Restoring, Repairing and Renewing Checks and Balances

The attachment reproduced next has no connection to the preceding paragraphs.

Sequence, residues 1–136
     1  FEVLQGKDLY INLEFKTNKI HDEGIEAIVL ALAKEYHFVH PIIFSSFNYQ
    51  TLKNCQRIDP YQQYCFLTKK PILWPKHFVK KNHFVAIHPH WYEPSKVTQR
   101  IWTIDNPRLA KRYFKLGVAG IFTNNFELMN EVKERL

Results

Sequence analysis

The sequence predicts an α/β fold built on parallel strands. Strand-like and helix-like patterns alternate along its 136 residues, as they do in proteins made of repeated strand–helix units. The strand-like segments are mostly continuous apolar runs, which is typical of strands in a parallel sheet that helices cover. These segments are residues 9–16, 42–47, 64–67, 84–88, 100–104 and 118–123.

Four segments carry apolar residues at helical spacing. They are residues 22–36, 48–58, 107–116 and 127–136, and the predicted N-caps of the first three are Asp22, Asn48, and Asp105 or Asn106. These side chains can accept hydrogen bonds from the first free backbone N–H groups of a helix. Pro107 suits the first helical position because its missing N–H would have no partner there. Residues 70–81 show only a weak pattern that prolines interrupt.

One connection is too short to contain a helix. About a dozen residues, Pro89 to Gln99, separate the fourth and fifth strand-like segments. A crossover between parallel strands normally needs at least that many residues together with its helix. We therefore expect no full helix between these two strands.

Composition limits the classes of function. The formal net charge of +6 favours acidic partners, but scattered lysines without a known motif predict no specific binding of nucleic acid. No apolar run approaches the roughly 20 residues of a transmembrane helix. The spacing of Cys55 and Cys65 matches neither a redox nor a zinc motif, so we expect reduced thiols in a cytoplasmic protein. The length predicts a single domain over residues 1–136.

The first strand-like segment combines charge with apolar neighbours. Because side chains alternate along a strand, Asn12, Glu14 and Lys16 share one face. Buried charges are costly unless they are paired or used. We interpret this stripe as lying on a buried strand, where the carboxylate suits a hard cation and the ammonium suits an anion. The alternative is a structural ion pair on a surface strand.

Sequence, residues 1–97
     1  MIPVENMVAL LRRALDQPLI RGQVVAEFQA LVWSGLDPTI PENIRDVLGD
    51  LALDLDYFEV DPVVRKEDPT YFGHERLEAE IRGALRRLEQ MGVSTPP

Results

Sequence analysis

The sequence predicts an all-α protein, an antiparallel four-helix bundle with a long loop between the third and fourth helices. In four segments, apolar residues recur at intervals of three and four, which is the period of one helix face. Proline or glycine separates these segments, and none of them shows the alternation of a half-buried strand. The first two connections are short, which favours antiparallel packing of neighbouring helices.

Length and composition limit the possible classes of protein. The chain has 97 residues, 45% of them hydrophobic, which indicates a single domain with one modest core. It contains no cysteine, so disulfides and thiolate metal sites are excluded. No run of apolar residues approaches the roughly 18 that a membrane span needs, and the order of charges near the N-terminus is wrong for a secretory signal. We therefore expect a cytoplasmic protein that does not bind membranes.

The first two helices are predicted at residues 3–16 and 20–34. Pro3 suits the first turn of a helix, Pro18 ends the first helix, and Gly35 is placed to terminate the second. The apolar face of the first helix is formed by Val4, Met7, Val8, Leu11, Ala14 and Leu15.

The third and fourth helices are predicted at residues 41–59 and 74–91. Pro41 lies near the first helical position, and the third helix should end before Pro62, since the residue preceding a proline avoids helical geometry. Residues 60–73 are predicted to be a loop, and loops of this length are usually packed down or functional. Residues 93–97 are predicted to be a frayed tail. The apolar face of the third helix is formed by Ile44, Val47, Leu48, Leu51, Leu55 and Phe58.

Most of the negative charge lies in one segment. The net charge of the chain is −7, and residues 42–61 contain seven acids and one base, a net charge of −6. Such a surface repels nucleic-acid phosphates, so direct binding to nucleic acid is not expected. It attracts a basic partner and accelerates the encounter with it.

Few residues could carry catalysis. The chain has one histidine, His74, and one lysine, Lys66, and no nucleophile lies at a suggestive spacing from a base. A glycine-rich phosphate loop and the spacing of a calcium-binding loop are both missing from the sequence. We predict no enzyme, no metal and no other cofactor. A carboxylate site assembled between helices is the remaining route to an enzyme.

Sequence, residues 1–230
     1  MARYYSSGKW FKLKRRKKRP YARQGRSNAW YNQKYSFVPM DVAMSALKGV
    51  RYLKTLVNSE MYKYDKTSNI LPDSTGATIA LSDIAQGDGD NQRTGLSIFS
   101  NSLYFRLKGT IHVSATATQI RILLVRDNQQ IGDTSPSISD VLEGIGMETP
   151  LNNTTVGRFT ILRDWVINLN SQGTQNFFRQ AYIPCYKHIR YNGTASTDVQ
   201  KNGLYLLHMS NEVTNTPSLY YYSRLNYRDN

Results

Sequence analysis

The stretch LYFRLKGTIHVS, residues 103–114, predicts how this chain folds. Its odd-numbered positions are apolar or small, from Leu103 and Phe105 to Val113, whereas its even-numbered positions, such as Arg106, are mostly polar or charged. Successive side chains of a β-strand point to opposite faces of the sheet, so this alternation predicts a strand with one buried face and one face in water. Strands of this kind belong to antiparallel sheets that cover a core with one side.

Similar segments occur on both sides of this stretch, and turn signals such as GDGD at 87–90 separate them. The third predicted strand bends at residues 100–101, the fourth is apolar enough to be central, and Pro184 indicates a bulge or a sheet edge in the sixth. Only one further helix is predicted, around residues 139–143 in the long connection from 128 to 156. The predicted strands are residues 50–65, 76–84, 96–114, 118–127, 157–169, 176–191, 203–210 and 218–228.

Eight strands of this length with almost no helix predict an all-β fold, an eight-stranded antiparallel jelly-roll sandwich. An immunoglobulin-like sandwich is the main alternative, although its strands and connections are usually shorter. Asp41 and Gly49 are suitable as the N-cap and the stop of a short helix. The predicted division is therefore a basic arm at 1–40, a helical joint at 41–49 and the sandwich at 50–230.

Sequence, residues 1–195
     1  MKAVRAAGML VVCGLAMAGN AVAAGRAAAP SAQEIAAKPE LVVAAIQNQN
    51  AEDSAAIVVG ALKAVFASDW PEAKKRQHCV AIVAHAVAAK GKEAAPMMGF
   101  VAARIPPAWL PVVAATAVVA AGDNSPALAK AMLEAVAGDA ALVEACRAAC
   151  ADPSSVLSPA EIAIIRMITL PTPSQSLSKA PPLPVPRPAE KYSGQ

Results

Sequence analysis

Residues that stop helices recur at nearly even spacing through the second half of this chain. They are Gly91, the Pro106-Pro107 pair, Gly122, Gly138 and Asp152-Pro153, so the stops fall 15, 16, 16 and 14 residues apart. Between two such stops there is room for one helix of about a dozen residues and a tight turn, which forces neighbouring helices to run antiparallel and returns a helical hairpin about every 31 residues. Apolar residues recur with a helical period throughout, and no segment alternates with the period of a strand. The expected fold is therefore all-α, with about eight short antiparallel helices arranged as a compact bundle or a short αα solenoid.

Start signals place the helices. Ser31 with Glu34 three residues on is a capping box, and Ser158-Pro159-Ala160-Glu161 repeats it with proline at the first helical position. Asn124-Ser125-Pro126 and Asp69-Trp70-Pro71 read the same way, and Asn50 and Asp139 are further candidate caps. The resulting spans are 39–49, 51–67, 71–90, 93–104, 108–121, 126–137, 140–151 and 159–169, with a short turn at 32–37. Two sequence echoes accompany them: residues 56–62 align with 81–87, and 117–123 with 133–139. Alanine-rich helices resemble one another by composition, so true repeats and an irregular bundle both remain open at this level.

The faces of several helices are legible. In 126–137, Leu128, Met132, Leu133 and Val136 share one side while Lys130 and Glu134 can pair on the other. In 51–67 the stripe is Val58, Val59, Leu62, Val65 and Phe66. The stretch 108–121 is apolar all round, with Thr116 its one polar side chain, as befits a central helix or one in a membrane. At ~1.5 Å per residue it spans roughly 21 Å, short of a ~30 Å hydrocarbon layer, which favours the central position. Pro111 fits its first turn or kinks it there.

Senator Patrick Leahy (D-Vermont), the incoming chair of the Senate Judiciary Committee, spoke last week at Georgetown University Law Center, sharing his agenda for the 110th Congress. Leahy paid particular attention to the checks and balances that lie at the heart of the Judiciary committee's historical role. Senator Leahy's big-picture agenda calls for "restoration, repair and renewal." He spoke emphatically about restoring constitutional values and fundamental liberties, repairing a broken oversight process by demanding more accountability from the Administration, and renewing the public right to know what the government is doing. He recognized the importance of making our nation secure but denounced doing so in ways that "undercut the Constitution." By sacrificing fundamental rights in the name of national security, Senator Leahy said that the Administration is allowing terrorists to win "what they could never win on the battlefield." Senator Leahy touched on many specific agenda items, but a major theme was privacy. He said that the Administration must stop "treating the privacy of ordinary Americans as an expendable commodity," and vowed to have Congress exercise more oversight in an effort to bring checks and balances back to government. In reference to the current state of privacy law, Senator Leahy said that we have "analog rules in a digital world," and committed to amending key privacy laws that are severely out of date. In particular, he vowed to update the Foreign Intelligence Surveillance Act (FISA) and the Electronic Communications Privacy Act (ECPA). In so doing, Senator Leahy plans to attack the Administration's assertions that it can electronically spy on innocent Americans and that individuals have no privacy interests in personal information kept online. He lamented federal programs, such as the Automated Targeting System, that collect personal information on innocent Americans and house it in vast government databases that individuals have no right to know the contents of. Senator Leahy said that the unauthorized collection of digital information is just as bad as a warrantless search of physical file cabinet. CDT also strongly believes that privacy laws must be amended to conform to the current technological landscape. In February of this year, CDT published a report entitled Digital Search & Seizure: Updating Privacy Protections to Keep Pace With Technology. We hope that Senator Leahy follows through on this important agenda item.